At 7.55 p.m. on July 18th 1990, I was in room 616 of the Tropicana Hotel in Durban, South Africa.
I was writing something in my diary about the importance of the basic proposition of yoga, which is derived from the Sanskrit word for union.
Its disciplines are intended to bring about increased interaction between man’s personality and some higher part of his nature, whose existence is denied by conventional psychology.
In yoga it is regarded as the real component in man, the personality being but a transient epiphenomenon, and the greater the degree of this hidden contact and interplay between the two then the higher the development of the individual.
These two constituents are sometimes termed "the lower triad" (the personality) and "the higher triad" (the soul).
I was to subsequently come across depictions of the soul as an upward-pointing triangle in alchemical writings, but the first time that I read of these triad designations was in books written by a man who claimed to have had experiences of mystical consciousness through achieving an advanced degree of union between personality and higher self in the 1950s, in Durban.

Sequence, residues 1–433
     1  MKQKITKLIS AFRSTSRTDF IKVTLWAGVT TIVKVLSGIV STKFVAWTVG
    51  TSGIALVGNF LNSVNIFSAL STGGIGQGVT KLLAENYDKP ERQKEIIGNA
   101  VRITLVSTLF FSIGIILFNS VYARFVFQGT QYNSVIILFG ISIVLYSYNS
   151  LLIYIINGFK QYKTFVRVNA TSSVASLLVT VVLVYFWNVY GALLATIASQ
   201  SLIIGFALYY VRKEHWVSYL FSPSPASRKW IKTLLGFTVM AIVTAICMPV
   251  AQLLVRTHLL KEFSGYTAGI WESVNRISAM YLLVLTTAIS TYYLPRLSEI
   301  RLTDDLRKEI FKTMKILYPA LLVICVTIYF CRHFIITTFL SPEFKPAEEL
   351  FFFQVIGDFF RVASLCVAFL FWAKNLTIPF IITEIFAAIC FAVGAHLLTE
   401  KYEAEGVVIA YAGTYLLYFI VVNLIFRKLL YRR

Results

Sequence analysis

In the background on TV was a film called Legal Eagles.
I had seen it for the first time when it had been broadcast on another channel a few days before, and I was paying it little attention, until just as I made that note a remark was made by a character played by Debra Winger.
She played a lawyer who was accompanied by a colleague played by Robert Redford as she searched through some files of a suspected baddie played by Terence Stamp.
She announced that she had uncovered what looked like evidence of a "secret triad partnership" between three villains.
Neither before nor since have I heard the phrase triad partnership used in any context, nor has anyone else that I have questioned.